“Just the thought that you are holding the rope that this guy is hanging from, and you’re doing it in front of all these people… I can’t imagine what that was like, and I can’t imagine being in the crowd watching that. That’s the part of the story that is really creepy for me.” Quinn adds that even when the tale is told in the relatively benign environs of today’s Headwaters Park, it still casts an unsettling spell, especially at night, when people conjure the scene in their mind’s eye, and try to imagine a society where public executions were a spectator sport.

And there are also a few proper ghost stories, including one that’s fairly well known but yet never seems to get old — the “Lady In White,” a doomed soul seen wandering the West Central neighborhood, especially around the area of the Main Street bridge.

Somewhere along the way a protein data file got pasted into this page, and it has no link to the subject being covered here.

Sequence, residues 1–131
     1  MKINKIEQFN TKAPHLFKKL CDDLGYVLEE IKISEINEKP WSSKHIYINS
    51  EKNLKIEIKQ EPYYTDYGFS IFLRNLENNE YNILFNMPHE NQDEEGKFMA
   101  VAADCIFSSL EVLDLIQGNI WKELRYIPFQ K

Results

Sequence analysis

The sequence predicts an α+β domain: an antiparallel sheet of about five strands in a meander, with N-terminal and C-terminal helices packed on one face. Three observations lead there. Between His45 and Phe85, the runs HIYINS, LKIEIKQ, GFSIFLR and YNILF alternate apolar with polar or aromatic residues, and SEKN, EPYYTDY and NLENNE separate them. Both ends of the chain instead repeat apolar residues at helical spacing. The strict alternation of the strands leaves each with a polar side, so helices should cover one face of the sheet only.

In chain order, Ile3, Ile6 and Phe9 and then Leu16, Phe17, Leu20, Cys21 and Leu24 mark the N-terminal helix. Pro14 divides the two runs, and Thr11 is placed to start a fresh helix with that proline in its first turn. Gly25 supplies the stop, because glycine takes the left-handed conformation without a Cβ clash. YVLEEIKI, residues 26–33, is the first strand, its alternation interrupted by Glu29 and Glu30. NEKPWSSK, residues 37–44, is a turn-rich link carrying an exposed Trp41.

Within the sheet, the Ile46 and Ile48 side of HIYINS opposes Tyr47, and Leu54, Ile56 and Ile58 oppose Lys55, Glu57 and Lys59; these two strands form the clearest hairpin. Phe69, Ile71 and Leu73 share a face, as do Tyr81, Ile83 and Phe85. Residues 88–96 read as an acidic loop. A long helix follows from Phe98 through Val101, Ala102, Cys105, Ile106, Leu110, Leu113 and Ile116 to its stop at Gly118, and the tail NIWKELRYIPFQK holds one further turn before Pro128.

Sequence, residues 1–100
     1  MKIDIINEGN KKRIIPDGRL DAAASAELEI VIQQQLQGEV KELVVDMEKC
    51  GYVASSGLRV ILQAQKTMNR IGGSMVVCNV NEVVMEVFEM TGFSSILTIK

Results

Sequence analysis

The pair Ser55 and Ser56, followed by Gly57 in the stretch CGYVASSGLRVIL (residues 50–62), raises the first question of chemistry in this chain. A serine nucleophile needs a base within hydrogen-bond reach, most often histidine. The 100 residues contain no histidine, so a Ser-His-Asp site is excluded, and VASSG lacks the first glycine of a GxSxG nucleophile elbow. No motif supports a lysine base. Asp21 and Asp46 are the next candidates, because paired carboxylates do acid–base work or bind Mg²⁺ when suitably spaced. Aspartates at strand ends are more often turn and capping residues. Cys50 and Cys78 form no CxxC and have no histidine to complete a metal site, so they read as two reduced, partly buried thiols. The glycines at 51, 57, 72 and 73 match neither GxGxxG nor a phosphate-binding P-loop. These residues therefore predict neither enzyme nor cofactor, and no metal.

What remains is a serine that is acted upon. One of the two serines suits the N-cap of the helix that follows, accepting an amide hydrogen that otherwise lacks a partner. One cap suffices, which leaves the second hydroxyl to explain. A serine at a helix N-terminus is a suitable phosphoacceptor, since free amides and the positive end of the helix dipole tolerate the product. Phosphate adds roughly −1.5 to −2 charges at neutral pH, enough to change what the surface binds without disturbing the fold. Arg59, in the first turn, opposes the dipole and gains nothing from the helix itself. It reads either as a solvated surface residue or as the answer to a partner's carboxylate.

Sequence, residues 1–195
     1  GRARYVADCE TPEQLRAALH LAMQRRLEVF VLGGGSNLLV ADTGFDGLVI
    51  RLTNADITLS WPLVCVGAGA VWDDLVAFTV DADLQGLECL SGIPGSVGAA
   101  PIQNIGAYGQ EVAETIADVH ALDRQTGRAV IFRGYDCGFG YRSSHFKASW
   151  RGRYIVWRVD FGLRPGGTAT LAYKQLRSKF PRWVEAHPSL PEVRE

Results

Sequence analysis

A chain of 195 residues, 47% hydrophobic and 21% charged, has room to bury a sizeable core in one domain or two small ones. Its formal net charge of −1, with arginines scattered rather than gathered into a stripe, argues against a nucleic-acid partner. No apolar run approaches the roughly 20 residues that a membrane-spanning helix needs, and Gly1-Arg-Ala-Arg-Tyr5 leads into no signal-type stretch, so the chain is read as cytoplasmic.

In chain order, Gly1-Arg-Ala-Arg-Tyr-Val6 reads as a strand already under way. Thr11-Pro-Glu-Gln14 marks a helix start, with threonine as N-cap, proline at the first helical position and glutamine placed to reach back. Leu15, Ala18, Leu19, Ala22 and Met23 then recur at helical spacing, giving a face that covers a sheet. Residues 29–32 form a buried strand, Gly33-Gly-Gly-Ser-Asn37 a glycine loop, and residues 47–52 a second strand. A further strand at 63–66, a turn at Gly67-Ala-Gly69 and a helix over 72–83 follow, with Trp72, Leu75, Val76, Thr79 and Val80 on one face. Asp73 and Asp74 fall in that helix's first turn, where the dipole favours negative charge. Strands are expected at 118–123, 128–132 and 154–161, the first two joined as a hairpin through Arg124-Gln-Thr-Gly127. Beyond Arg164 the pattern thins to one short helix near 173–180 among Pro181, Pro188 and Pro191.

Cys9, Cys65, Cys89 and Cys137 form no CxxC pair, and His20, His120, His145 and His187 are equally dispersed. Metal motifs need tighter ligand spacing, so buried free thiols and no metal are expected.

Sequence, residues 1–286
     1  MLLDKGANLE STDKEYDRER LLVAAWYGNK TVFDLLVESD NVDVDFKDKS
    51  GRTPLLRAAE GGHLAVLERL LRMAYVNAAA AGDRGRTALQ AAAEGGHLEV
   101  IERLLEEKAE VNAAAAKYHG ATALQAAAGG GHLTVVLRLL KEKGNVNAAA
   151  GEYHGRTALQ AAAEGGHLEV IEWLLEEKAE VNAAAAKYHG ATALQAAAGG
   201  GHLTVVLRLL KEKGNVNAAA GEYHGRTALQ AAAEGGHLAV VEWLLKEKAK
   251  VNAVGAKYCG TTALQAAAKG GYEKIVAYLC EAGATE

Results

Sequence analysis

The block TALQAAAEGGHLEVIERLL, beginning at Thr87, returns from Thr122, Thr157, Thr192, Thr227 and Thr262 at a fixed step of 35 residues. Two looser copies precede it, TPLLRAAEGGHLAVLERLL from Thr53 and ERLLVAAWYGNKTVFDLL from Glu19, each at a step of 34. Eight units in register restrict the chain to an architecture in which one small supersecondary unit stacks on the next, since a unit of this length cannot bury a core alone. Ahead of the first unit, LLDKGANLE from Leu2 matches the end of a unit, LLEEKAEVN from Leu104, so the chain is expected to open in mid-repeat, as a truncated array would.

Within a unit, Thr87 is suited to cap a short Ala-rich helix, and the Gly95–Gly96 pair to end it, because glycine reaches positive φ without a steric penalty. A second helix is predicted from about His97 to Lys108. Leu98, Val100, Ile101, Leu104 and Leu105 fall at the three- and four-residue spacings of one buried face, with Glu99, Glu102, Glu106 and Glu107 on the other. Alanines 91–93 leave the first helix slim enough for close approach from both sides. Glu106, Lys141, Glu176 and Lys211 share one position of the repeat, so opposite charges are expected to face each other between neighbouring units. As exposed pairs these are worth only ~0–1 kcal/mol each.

That was where the Lady in White first appeared back in the 1880s, according to a newspaper story at the time. Residents saw a woman wearing long, flowing white garments walking west on Main street, seemingly oblivious to her surroundings. She walked to the middle of the bridge, then disappeared. Onlookers thought she had jumped, and rushed to the side of the bridge to look for her. The police were called in, but no one could find her. She was spotted again about a week or so later, when onlookers reported the exact same thing: a woman in flowing white garments, walking in a distracted manner down Main street, and suddenly vanishing in the middle of the bridge.